This one works in either Lightroom Classic or Cloud, and it’s quick, easy, and really effective. Here goes:
STEP ONE: Well, this isn’t a step, but here’s our starting image with our subject photographed on a gray background (I shot it on gray seamless paper — I think it was Savage Gray seamless I got from B&H).
STEP TWO: Get the Radial Filter tool; Increase the Exposure amount by at least 2-stops (here I went to +2.15, but you can always change the brightness amount later, making it brighter or more subtle). Drag an oval out over your subject (as shown above) making sure it extends out to the background behind your subject. Of course, this oval doesn’t just light the background, it lights your subject as well, but that’s what we’ll fix in the next couple of steps.
STEP THREE: Scroll to the bottom of the Radial Filter panel, and from the Range Mask pop-up menu, choose ‘Color.’ Now get the Range Mask eyedropper tool and click it on the background color behind your subject (as shown here), and that will mostly mask away the bright are of the oval from your subject (as seen above). Depending on the image, this will either work amazingly well or just pretty decent with a little tweaking need. If yours falls in the “tweaking needed’ genre, read on to the next step.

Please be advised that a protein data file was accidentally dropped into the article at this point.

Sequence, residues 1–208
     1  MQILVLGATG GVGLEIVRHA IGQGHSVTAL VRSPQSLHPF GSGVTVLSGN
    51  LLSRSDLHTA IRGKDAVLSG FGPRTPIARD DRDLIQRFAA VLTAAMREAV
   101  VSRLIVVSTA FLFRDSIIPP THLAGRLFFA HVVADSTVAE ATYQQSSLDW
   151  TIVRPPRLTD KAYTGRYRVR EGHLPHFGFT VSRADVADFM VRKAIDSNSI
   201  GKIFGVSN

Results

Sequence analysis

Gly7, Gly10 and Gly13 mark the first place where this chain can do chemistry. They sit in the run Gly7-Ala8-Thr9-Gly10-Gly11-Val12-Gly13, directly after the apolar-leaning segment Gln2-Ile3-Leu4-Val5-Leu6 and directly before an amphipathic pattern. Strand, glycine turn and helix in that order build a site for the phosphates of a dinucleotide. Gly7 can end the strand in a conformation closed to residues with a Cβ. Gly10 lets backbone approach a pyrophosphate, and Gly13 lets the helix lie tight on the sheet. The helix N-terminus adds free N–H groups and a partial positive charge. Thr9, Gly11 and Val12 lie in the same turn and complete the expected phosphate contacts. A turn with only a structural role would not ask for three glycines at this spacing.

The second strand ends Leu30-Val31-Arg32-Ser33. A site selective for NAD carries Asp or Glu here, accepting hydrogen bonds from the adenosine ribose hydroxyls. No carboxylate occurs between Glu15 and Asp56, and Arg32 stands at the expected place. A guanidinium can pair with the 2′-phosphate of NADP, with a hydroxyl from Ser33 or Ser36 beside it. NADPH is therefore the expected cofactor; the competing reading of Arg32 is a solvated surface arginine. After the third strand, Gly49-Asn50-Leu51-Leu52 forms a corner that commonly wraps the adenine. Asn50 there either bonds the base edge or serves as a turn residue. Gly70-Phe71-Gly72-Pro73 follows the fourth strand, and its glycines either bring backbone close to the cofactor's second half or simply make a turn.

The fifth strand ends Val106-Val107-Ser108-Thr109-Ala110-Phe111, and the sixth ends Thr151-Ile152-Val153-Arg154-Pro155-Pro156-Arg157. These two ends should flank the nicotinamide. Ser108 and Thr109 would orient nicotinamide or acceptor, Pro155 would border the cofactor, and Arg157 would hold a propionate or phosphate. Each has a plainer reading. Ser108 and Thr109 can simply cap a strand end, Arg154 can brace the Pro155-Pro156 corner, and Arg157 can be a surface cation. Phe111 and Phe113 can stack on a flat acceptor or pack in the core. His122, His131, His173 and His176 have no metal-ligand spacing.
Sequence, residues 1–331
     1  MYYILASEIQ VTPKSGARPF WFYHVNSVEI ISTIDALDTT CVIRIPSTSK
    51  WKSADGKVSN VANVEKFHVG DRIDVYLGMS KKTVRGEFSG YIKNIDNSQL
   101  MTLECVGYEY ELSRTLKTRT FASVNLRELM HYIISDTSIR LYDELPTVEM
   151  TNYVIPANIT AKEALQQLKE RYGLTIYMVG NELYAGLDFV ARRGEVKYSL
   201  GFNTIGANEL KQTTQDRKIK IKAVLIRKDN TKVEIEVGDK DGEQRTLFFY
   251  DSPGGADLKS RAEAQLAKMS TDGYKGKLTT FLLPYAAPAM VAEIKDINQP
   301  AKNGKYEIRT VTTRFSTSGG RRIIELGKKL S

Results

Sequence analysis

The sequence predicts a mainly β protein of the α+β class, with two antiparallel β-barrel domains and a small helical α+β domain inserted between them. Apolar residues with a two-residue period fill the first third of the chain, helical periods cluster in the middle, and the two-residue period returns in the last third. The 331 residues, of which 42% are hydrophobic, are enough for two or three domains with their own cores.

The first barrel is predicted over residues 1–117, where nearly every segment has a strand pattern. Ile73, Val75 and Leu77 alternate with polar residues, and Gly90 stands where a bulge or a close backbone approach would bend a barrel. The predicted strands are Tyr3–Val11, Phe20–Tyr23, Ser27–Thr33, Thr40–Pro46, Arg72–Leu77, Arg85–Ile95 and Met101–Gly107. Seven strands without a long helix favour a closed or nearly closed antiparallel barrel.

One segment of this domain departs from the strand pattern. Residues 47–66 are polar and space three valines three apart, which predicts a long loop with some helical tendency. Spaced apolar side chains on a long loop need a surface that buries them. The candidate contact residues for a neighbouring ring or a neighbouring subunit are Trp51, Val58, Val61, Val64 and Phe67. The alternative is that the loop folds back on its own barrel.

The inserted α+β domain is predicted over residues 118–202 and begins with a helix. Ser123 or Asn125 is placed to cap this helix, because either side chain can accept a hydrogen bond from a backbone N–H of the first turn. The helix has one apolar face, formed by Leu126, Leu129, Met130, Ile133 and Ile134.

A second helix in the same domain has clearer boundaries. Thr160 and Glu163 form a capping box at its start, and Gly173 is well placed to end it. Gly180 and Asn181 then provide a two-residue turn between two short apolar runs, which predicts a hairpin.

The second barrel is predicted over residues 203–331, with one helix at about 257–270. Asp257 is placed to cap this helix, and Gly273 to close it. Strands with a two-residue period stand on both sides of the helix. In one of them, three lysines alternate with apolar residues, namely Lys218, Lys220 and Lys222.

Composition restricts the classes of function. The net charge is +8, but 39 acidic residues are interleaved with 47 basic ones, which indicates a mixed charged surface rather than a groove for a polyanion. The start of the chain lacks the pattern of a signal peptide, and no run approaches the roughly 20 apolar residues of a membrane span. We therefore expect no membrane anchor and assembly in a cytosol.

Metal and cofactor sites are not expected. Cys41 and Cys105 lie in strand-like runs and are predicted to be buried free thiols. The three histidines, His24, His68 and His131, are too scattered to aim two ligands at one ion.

STEP FOUR: At the top of the Radial Filter panel; click on the Brush tab, then hold the Option key on Mac (Alt-key on Windows), which changes the brush into an “erase” button. Now paint over any areas on your subject that look light they have a little of that spotlight left over them (like I did here painting away any leftovers on her cheek). That’s it!
Hope you all have an awesome weekend. Hope to catch ya back here on Monday.
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